Oklahoma Contemporary
Selma Hayek in Frida (2002)
A painter works on a portrait, holding the brush in their right hand

New Light

June 26, 2020

#StudioinPlace #FridayFilms: Movies about Painters

Calvin Pressley offers up a few cinematic brushes with greatness
By Calvin Pressley, Studio-in-Place artist
A figure sits with their legs crossed in the middle of a studio containing numerous paintings
Jeffrey Wright as Jean-Michel Basquiat in Basquiat (1996)

I worked at a movie theater in San Antonio while going to art school. Watching movies for free was a big perk of the job. During my time there, I stayed up on all of the latest films: blockbusters, independents and a whole lot in between.

I found an overlap in the films I loved to watch and the paintings I like to make and look at. Composition, color and framing are a distinct language shared by both mediums. With those connections in mind, I often enjoy movies that have a really specific cinematography objective. In today's #FridayFilms installment, I'll share a few of my favorite films about painters.


Basquiat (1996) | Drama, 1 hour 50 minutes

This movie sparked some controversy among critics and people operating in the New York art scene in the 1980s. I really enjoyed seeing Julian Schnable’s take on Jean-Michel Basquiat, an artist who worked in New York City around the same time as the director and painter, before passing away in the summer of 1988. Schnable shows Basquiat’s rapid rise to international acclaim while working in New York City in the '70s and '80s. Jeffrey Wright has a really exceptional early career performance in the leading role of this biopic, which also includes David Bowie as Andy Warhol.

Available on: Amazon Prime


Frida (2002) | Drama, 2 hours 3 minutes

In this depiction of Frida Kahlo, director Julie Taymor tells the story of Kahlo’s personal struggles, including her tumultuous relationship with fellow artist and husband Diego Rivera. What I really like about Kahlo’s work is that you can get a sense of how she dealt with personal issues on her own through her art. This movie depicts how she stayed persistent with painting through all the hardships.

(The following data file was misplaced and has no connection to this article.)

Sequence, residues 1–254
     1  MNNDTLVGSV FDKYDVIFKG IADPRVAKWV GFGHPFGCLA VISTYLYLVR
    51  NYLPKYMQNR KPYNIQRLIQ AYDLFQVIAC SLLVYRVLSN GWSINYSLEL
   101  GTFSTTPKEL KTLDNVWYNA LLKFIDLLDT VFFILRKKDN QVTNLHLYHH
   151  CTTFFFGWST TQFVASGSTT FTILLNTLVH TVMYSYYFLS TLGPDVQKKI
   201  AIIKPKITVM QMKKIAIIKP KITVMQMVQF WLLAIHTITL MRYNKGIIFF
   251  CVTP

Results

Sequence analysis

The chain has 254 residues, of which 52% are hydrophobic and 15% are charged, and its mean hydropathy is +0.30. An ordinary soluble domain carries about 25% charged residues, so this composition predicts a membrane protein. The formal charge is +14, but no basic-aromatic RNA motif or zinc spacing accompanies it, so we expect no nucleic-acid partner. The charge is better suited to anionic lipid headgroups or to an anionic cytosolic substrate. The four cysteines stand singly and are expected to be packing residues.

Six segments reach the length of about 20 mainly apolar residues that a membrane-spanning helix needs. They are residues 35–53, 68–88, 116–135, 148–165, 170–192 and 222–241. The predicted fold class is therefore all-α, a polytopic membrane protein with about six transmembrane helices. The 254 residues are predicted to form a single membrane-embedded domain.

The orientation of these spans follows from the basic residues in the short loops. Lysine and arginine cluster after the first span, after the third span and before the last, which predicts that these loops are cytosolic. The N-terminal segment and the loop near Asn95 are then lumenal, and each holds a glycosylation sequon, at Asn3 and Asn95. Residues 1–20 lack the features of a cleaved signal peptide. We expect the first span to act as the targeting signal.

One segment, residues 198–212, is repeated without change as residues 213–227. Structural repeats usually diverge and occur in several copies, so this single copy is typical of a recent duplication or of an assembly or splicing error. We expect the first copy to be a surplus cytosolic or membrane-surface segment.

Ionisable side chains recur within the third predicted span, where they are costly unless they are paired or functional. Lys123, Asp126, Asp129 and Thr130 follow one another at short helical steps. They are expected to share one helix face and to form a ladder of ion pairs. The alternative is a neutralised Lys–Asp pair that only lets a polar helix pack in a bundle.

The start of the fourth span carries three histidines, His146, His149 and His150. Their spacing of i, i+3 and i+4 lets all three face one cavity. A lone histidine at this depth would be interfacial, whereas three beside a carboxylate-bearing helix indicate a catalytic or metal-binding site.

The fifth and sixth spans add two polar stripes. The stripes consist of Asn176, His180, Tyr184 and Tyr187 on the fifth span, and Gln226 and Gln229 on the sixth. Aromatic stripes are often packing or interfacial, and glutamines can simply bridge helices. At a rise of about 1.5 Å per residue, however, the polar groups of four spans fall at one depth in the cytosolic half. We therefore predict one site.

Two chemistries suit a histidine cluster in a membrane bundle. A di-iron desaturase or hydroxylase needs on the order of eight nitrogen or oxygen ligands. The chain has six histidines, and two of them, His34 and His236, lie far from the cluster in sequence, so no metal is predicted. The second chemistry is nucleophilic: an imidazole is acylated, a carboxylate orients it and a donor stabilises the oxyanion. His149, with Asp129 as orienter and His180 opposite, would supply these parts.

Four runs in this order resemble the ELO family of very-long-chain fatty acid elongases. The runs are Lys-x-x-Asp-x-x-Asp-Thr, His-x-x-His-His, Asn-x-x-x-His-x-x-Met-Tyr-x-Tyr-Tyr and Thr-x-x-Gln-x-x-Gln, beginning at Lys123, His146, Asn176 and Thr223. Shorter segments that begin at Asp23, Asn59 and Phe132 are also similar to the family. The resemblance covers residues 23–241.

Available on: Amazon Prime


Pollock (2000) | Drama, 2 hours 2 minutes

Ed Harris stars and directs this depiction of Jackson Pollock. The film shows Pollock's rise to fame, including the groundbreaking experience of working on a commissioned piece for Peggy Guggenheim. The film includes a fair amount of Lee Krasner’s perspective throughout his life with Pollock. I still find it really exciting when I find work by Jackson Pollock that he made before the drip paintings.

Available on: Amazon, Vudu


At Eternity’s Gate (2018) | Drama, 1 hour 51 minutes

This is the second biopic by Julian Schnable about an artist whose work I highly admire. In this story about Vincent Van Gogh, Schnable focuses on some of the specific moments of Van Gogh’s life that many art lovers may or may not have already known. In Schnable’s telling, we get a good sense of Vincent’s perspective, which is further enforced by the cinematography.

Available on: Amazon, Vudu


Cézanne et Moi (2016) | Drama, 1 hour 57 minutes

In this French film focusing on painter Paul Cézanne and his friendship with writer Émile Zola, we see the life of a master painter struggling to define his own path despite pressure from the academy. Beyond the personal story of Cezanne’s rise to acclaim, the movie focuses on the ups and downs of friendship as well as the level of privacy some artists seek to retain in their lives.

Available on: Google Play


Calvin Pressley is an artist and Studio School instructor who primarily focuses on subjective portraiture in painting and drawing. With a Master of Fine Arts degree from the Pennsylvania Academy of the Fine Arts (PAFA) in Philadelphia, Calvin maintains a studio in the Oklahoma City area and has exhibited nationally. The San Antonio native's Connected Conversations project is part of Oklahoma Contemporary's new Studio-in-Place digital residency, designed to engage themes of creativity, community and resilience in the time of COVID-19.


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